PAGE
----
Posts Tagged ‘interviews’
How can you get a job without an interview? It's easy, if you have a solid network and a good reputation.
Most people prefer to work with freelancers they already know. If you've built a strong network of people who know you and like your work, you may find that they call you or refer others to you when it's time to hire a freelancer.
Develop a sense of professionalism in your clothes, how you present yourself, and your conversation. It may help to work up a 30-second "elevator speech" that describes what you do and hits your top selling points. Any encounter — even a chance meeting at a pub — can be the interview that's not an interview, putting you in touch with the person who's going to bring you the next great job.
If you're not getting interviews when you know you have the experience and talent to do the freelance job, it may be that you're getting tripped up by simple cover-letter mistakes. Wading through piles of resumes, an employer is likely to reject any that have cover-letter problems. Go over this checklist before you send a cover letter:
- Address the hiring manager by name. You can often find the person's name on the organization's website. If not, call the company and see if the receptionist will give you the correct name. (Ask him or her to spell it for you!) If you're not sure of the person's gender, use the Internet or the phone to confirm that as well.
- Get the company's name right. Spell it the same way it is spelled in the ad. (While you're at it, spell everything else right.) If you're sending versions of the same letter to multiple companies, triple-check to be sure your letter to ABC doesn't get sent to CBS or NBC.
- Yes, you really do need to write a separate cover letter — or at least modify your template — for each job. Employers want to know that you want to work specifically for them. Use your cover letter to demonstrate your communication skills and your knowledge of their work. Bonus points if you can name specific things the company does and why you'd like to work with them.
- Use one or two brief examples to illustrate the qualities you describe.
- Write well. If you don't do this naturally, have a writer friend help you craft letters that are engaging and highlight your best qualities.
An "elevator speech" is the answer to the question "What do you do?",
boiled down into a short, engaging speech that lasts about as long as
an elevator ride. It's useful to practice this regularly so that it
springs readily to your lips in meeting new people. The trick for a
successful elevator speech is that it's about what you do rather than
what you are. So instead of "I'm a multimedia designer" you might say
"I design user-friendly, attention-getting graphics for business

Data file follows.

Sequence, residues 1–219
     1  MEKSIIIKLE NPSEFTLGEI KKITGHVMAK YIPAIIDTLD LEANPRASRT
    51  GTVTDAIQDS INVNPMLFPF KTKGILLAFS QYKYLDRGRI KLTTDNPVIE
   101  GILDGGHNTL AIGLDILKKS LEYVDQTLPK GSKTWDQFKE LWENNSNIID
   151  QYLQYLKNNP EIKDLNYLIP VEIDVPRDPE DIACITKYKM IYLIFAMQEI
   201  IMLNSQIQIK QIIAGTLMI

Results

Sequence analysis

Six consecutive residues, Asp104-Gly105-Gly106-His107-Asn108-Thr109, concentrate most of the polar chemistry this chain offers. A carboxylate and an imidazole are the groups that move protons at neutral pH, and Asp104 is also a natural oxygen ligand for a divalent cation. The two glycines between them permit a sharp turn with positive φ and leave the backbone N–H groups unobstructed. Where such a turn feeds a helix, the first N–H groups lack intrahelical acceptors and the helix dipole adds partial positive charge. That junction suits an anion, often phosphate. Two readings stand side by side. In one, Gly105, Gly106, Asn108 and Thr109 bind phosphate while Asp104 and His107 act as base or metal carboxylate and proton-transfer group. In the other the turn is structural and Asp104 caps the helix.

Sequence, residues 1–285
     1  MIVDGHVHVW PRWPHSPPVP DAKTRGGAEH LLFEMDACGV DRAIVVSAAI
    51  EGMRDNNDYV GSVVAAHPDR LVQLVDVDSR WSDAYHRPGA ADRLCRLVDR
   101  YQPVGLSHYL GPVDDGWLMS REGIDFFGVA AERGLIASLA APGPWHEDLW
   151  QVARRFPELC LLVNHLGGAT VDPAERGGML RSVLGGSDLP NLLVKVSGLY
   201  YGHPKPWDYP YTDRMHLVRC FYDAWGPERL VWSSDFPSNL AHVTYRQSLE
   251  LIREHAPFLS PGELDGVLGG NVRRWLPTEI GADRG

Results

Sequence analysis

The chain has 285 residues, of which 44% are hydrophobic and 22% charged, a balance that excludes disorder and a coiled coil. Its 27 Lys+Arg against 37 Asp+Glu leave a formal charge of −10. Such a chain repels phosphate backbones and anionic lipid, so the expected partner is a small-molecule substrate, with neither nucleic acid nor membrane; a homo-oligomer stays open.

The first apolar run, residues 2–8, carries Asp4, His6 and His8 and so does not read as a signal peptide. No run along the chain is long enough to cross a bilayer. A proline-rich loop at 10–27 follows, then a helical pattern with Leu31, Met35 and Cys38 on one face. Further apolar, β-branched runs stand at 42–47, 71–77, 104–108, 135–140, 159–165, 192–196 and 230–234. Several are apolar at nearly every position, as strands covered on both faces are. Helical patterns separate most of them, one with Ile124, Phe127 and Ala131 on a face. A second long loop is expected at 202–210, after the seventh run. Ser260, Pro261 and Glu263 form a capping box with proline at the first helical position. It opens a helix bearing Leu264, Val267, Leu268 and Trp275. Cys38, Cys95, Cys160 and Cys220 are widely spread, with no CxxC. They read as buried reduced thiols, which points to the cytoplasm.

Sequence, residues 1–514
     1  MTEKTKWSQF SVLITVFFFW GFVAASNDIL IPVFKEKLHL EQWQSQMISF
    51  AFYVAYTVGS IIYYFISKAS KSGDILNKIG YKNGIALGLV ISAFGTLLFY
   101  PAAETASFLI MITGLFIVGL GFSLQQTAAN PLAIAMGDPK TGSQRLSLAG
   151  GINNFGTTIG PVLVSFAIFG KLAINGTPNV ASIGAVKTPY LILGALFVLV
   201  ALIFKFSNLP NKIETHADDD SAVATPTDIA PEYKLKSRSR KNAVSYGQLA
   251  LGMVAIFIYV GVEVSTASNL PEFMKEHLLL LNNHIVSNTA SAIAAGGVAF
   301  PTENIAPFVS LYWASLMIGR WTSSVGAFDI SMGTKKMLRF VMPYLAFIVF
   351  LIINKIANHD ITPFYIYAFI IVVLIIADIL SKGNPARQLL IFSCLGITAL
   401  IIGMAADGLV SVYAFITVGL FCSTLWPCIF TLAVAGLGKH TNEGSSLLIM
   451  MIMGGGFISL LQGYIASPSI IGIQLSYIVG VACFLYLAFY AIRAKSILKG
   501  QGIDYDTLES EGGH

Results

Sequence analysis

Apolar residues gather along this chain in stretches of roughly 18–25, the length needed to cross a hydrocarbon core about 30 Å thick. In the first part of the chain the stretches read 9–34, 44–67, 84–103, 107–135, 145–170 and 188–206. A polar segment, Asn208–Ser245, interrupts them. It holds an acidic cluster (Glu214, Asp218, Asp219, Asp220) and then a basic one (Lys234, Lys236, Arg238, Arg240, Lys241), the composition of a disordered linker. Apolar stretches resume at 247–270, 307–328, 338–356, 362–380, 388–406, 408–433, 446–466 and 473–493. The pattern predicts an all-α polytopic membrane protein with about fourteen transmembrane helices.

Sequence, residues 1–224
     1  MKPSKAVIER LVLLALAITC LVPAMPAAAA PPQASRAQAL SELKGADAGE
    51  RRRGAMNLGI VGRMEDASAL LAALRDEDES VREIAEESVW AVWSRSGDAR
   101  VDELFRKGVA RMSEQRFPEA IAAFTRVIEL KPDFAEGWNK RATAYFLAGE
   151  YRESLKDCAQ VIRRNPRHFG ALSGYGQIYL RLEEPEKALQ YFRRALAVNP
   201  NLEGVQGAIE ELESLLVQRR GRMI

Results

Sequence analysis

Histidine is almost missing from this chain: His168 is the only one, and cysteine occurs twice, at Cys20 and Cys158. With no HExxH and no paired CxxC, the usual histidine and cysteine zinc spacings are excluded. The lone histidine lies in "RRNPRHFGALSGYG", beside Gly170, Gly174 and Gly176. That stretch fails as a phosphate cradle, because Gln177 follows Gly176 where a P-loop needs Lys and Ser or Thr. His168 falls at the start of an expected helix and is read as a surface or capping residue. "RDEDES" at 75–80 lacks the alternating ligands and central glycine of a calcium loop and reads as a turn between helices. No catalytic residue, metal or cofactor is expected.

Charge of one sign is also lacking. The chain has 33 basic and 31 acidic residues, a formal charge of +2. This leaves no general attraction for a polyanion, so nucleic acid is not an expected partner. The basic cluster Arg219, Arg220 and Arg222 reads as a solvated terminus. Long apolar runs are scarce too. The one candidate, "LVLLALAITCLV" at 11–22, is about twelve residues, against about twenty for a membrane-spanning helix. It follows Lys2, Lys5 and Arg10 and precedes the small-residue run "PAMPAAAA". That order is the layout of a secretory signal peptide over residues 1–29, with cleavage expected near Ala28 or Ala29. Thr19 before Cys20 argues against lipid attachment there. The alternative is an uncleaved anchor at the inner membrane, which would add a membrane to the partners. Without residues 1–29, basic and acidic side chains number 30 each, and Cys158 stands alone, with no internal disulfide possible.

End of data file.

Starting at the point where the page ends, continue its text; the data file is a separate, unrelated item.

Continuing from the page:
websites to update my customers' corporate images and attract targeted
audiences." That's a very short elevator speech — an expanded version
might include an example of a successful job you did, an award you won,
or the well-known venture capitalist who's invested in your business.
Focus on the benefit to the customer, the positive result of your work,
rather than the process or your credentials. Of course, you don't need
to spend all your time in elevators! Deliver this speech any time you
have a networking opportunity, and follow up by offering a business
card or getting their e-mail address and permission to send more
Usability experts are perceived as Interface Designers that focus on user-centered design websites that stress simplicity. That is not an undesired perception, but it overlooks the complexity of arriving at a creation that emphasizes user Interface Design principles that increase client revenue and net profit. Usability Designer tips are incomplete if these critical interface components are not stressed as strongly as you feature your portfolio.
Display, on paper and during interviews, that you have developed a wonderfully efficient process and technique that helps you design the impressive websites shown in your portfolio. Convince prospective clients that, as aesthetically pleasing as your designs are, they also employ usability engineering tools that feature the following.
- Simple and consistent navigation functions for users.
- User-familiar icons and other conventions.
- Information organization that makes it simple for users to retrieve information quickly, often in three clicks or less.
- Minimum of user scrolling necessities to find answers.
- No overuse of graphical design to distract users.
Stressing your process and technique in this manner reinforces your expertise and makes prospective clients more comfortable with and confident in your ability. Consider using only the top sources for a usability professional, like ArtisanTalent.com, as they can introduce you to the best clients with the best projects.